If you like people and can work night shifts, bartending may be a fulfilling and lucrative career option. In Indiana, you need more than just a positive attitude; you’ll also need to meet state requirements, including completing a training program and obtaining a license.
What are the Bartending License Requirements for Indiana?
In the state of Indiana, you must obtain a bartender license from the Alcohol and Tobacco Commission (ATC) before you can legally serve alcohol. The following are the requirements for obtaining a bartender license in Indiana:
- Age requirement: You must be 21 to serve alcohol in Indiana.
- Proof of identity: You must provide a valid form of identification, such as a driver’s license or passport, to prove your identity and age.
- Background check: The ATC will conduct a background check to ensure that you do not have any prior convictions for crimes related to alcohol service, such as selling alcohol to minors.
- Alcohol Awareness Program: You must complete an Alcohol Awareness Program, which is a course that covers alcohol laws and regulations, responsible alcohol service, and the effects of alcohol on the body.
- Application and fee: You will need to complete an application and pay a fee to the ATC to obtain your bartender license. The fee is currently $25 and is valid for two years.
It’s important to note that these requirements may change over time, so it’s always a good idea to check with the ATC for the most up-to-date information.
Meet the Minimum Bartender Requirements
Before seeking a bartending job in Indiana, make sure to meet the state’s requirements. You must be at least 21 years old to serve drinks and 19 to work in an alcohol-serving establishment. Complete a training program approved by the Indiana State Alcohol and Tobacco Commission (ATC), and then apply for an employee permit through the ATC’s website.
Note: You must complete your training within 120 days of employment to be eligible for the license.
Minimum Age To Be A Bartender In Indiana
To obtain an ATC employee permit in Indiana, you must be 21. This permit allows you to serve alcohol as a bartender, waiter/waitress, manager, or clerk in a package liquor store.
However, individuals at least 19 years old and have completed an ATC-approved server training program may serve alcohol in a dining area or family room of a restaurant or hotel with appropriate supervision. For more information, visit the Restricted Server Guidelines webpage on the official website of the Indiana State Government.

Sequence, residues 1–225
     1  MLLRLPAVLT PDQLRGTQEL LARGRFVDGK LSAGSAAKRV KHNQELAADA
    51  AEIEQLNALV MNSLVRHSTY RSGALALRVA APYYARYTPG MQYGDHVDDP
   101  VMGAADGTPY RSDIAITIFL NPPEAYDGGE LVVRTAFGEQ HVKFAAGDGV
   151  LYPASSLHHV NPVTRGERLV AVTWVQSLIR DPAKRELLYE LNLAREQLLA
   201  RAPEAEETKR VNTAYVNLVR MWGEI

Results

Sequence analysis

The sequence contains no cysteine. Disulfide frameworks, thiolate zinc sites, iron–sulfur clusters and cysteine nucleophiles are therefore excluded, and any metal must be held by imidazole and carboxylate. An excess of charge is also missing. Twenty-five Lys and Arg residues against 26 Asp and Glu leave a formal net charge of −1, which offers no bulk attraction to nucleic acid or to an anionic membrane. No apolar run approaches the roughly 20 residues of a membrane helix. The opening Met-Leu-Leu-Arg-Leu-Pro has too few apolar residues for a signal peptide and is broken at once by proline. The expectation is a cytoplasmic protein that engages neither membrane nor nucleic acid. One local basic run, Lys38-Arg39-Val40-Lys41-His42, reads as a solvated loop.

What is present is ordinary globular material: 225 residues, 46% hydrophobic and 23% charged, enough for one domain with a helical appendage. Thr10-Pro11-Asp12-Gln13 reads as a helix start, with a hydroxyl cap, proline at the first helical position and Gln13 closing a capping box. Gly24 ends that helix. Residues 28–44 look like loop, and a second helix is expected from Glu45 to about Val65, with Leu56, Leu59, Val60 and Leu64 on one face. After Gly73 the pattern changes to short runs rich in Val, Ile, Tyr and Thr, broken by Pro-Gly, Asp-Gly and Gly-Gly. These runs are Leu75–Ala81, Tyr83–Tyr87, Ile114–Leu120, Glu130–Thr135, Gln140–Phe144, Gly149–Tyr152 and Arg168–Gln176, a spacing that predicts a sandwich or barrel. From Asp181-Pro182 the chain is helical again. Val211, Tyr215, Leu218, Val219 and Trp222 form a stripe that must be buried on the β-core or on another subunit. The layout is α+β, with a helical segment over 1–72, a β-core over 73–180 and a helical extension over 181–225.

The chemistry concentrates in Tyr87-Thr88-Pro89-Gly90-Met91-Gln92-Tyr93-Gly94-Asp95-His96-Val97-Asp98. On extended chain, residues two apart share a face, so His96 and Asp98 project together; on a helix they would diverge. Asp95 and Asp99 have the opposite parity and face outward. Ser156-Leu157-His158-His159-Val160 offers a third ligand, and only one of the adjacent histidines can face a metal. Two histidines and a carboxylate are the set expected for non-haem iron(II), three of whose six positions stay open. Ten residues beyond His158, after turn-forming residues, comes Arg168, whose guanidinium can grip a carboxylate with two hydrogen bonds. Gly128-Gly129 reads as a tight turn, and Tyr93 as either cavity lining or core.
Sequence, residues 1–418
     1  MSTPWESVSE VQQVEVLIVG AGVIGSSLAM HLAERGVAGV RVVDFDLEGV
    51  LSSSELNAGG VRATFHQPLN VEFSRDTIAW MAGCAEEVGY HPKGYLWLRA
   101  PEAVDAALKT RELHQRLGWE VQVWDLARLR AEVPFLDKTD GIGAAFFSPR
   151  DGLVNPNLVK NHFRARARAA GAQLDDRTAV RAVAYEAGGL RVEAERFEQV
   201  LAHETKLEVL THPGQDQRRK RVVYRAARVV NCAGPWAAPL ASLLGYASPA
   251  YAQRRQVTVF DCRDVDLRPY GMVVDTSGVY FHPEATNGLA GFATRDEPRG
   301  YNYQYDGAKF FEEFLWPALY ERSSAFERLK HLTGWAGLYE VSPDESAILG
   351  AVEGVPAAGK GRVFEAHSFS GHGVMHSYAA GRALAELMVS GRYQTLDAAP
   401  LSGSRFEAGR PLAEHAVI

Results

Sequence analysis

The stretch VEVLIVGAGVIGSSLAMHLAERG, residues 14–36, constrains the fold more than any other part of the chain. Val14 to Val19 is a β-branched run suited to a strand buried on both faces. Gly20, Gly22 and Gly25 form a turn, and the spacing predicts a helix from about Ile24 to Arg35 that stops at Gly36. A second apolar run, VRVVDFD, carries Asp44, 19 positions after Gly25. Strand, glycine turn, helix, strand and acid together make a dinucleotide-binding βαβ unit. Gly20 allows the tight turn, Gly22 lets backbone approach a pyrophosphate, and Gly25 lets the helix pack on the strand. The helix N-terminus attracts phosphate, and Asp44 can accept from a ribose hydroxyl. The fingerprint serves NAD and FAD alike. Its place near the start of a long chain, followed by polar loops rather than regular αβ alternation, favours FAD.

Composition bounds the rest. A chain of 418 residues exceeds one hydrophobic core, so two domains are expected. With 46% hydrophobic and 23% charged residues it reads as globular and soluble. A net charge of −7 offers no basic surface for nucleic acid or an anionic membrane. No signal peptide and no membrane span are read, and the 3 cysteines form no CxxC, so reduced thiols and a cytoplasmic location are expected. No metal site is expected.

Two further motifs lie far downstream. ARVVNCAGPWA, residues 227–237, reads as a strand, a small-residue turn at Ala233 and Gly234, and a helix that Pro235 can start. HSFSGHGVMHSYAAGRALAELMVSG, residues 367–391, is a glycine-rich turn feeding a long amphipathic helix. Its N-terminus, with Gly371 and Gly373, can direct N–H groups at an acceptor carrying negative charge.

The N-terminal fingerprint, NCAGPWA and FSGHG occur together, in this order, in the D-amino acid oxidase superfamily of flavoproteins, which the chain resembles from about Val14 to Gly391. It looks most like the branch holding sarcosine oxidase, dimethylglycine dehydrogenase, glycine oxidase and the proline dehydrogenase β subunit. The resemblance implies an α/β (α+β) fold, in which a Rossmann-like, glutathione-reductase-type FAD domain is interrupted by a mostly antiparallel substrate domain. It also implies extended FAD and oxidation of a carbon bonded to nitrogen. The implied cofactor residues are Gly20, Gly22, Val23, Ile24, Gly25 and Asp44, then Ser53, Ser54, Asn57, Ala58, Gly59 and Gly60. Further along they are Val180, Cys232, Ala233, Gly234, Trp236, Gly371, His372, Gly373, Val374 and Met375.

Get an Indiana Bartender License
One of the key requirements for obtaining a bartending license is completing an alcohol server training course. These courses can be taken at ATC-approved training schools or through certified online vendors. The courses Indiana Off-Premises Alcohol Seller/Server and Indiana On-Premises Alcohol Seller/Server are short and cost-effective. They must be completed within 120 days of submitting your employee permit application.
After completing the training, fill out the employee permit form and submit it along with the required fee. If your application is approved, you will receive your permit within a few days, allowing you to work as a bartender anywhere in the state.
Restricted Permit Laws and Information
Indiana has two types of employee permits:
- Restricted Permit: for individuals who are 19 and 20 years old.
- Unrestricted Permit: for individuals who are 21 and up.
When a restricted employee turns 21, they must obtain an unrestricted permit to continue serving alcohol. The unrestricted permit is valid for three years and costs $45 for renewal or transfer.
Notable Laws & Regulations For The “Restricted Employee”
The Restricted Permit puts several restrictions on what younger staff can do at their job:
- Must be supervised by a server who has completed state-certified training.
- Cannot act as a bartender or serve drinks in the bar area.
- Cannot mix drinks or pour from a tap, spigot, or pre-mixed beverages.
- Only allowed to serve in family areas of retail establishments.
- Can garnish drinks prepared by licensed bartenders and pour wine from a bottle at a customer’s table.
- They cannot serve in recreational areas such as a pool room, arcade room, or sports arena stands.